- President Donald Trump’s attorneys claim that Stormy Daniels, the porn star who alleged she had an affair with Donald Trump in 2006, violated a nondisclosure agreement. They are seeking $20 million in damages.
- The $20 million figure represents the number of times the actress is accused of violating the agreement.
- Daniels’ attorney called the move “bullying tactics.”
President Donald Trump’s attorneys claim that Stormy Daniels, the porn star who says she had an affair with Trump that began in 2006, violated a nondisclosure agreement and is now liable for at least $20 million in damages, The New York Times reported Friday.
The $20 million figure reportedly represents the 20 times Daniels, whose real name is Stephanie Clifford, violated that agreement, according to The Times.
“Mr. Trump intends to pursue his rights to the fullest extent permitted by the law,” one of the filings read.
Trump’s court filings come amid a civil suit Clifford filed earlier this month. In the suit, she alleged that a $130,000 nondisclosure agreement between her and Trump is invalid because Trump never signed the form. Clifford has also offered to return the money so she could freely talk about her experience.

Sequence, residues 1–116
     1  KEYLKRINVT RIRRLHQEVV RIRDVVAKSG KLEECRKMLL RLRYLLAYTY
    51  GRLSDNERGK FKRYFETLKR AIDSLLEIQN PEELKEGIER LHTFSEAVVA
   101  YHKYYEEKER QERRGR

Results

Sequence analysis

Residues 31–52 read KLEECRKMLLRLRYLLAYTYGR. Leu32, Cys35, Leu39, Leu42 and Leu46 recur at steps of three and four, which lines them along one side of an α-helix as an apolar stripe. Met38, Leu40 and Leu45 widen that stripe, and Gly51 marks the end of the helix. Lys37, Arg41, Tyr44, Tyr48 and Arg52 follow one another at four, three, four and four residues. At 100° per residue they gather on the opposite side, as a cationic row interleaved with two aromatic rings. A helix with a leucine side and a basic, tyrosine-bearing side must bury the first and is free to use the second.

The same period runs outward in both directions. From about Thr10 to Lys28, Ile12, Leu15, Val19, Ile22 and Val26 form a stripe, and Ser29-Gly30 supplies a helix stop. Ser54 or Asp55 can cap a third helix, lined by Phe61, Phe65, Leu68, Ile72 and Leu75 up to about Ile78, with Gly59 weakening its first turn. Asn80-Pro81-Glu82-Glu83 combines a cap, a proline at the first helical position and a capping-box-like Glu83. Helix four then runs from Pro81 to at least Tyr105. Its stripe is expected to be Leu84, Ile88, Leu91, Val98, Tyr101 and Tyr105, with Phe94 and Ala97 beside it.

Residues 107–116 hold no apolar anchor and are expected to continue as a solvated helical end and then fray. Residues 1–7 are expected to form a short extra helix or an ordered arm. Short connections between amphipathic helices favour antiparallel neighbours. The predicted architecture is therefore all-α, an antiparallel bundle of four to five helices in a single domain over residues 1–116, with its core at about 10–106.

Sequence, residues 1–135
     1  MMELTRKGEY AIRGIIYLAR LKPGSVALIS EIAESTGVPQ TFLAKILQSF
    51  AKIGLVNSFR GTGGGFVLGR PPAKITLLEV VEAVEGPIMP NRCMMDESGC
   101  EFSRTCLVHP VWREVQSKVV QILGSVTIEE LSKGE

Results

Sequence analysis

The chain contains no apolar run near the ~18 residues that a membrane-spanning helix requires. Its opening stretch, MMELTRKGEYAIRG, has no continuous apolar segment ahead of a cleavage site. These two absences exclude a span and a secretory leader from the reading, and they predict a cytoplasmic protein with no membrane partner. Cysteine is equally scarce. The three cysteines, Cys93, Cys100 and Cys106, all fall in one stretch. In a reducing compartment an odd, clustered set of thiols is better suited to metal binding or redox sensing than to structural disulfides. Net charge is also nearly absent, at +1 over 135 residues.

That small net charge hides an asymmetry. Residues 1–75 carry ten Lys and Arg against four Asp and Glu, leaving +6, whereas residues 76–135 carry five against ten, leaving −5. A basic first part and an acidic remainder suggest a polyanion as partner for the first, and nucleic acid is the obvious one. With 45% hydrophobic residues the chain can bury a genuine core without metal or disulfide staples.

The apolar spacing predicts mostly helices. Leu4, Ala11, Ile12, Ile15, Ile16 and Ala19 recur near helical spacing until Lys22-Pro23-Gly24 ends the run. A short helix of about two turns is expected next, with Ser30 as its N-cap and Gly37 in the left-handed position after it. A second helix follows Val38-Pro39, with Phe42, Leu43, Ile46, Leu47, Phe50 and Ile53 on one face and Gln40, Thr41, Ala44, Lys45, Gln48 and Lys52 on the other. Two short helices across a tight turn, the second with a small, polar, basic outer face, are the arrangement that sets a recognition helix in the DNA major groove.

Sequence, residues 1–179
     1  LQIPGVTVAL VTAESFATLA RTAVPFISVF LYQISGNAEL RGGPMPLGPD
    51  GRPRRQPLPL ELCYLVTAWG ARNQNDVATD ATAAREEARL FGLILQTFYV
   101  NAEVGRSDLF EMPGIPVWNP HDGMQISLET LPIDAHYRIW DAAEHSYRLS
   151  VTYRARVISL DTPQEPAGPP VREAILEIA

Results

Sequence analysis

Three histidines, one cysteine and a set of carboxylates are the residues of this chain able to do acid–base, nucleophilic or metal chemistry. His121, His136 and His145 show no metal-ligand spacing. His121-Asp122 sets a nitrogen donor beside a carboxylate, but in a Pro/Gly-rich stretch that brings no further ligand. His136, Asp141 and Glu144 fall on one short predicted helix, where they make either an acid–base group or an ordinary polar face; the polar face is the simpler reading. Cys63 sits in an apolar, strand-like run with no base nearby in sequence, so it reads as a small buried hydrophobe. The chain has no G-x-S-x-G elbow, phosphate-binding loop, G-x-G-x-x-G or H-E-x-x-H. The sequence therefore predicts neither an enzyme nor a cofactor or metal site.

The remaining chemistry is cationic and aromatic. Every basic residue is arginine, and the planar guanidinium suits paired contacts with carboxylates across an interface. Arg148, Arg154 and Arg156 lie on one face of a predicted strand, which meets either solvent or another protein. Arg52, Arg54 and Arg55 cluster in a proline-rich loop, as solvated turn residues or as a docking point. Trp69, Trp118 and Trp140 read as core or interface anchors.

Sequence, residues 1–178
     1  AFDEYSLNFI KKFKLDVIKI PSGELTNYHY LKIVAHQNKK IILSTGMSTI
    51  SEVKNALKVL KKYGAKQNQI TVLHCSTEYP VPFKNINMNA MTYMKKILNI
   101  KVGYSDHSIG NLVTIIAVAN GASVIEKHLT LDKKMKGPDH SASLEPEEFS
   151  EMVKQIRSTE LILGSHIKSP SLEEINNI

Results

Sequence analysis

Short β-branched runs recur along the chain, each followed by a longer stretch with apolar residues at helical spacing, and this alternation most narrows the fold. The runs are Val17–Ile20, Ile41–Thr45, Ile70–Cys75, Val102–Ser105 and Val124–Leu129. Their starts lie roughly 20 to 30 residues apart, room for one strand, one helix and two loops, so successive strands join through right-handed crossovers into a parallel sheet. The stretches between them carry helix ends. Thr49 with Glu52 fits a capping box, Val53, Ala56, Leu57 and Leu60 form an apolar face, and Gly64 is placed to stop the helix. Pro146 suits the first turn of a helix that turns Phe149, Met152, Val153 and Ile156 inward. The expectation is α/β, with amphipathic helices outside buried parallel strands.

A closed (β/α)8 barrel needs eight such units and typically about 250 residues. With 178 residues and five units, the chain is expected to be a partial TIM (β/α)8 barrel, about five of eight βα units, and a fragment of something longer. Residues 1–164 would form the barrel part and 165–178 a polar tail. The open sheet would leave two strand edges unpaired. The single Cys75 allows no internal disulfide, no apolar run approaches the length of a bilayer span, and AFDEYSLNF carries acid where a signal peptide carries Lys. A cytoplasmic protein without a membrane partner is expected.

The motion marks a rare instance in which Trump is directly involved in the legal proceedings. Trump has tried to keep himself away from the scandal and has left others, such as his personal attorney, Michael Cohen, and White House press secretary Sarah Huckabee Sanders, to try and tamp down the fallout.
But, for his part, Cohen has only added fuel to the fire with multiple revelations about his involvement in that $130,000 payment to Clifford. The payment was executed shortly before the 2016 US presidential election.
Michael Avenatti, Clifford’s attorney, accused Trump and his legal team of using “bullying tactics.”
“The fact that a sitting president is pursuing over $20 million in bogus ‘damages’ against a private citizen, who is only trying to tell the public what really happened, is truly remarkable — likely unprecedented in our history,” Avenatti said to The Times. “We are not going away and we will not be intimidated by these threats.”